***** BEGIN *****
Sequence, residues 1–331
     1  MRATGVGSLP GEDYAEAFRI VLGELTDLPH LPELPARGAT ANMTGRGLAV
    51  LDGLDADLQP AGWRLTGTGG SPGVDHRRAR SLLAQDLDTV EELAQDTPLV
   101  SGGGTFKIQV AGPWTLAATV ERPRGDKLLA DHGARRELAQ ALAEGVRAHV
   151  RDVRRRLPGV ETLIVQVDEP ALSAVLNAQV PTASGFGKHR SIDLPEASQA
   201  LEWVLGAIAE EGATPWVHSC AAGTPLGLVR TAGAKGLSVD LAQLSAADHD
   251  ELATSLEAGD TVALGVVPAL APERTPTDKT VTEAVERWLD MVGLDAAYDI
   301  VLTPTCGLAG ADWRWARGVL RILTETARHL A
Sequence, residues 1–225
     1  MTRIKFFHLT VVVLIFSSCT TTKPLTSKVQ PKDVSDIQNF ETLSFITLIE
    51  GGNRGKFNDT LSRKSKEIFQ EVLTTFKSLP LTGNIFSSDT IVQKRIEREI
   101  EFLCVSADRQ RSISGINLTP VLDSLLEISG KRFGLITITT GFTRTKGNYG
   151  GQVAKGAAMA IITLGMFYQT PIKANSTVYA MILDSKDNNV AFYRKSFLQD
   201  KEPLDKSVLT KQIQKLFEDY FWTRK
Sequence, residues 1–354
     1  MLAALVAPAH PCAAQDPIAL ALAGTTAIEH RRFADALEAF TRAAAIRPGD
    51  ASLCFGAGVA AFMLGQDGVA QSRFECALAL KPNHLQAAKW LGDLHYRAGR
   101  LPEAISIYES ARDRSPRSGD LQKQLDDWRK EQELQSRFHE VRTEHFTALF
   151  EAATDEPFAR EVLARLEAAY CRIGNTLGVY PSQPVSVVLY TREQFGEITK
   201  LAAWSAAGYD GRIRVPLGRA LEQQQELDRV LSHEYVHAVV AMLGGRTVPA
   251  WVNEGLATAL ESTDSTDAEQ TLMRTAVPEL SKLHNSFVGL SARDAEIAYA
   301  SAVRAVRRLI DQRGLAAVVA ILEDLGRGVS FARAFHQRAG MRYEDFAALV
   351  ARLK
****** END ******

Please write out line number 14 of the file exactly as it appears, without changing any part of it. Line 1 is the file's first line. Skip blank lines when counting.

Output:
   201  KEPLDKSVLT KQIQKLFEDY FWTRK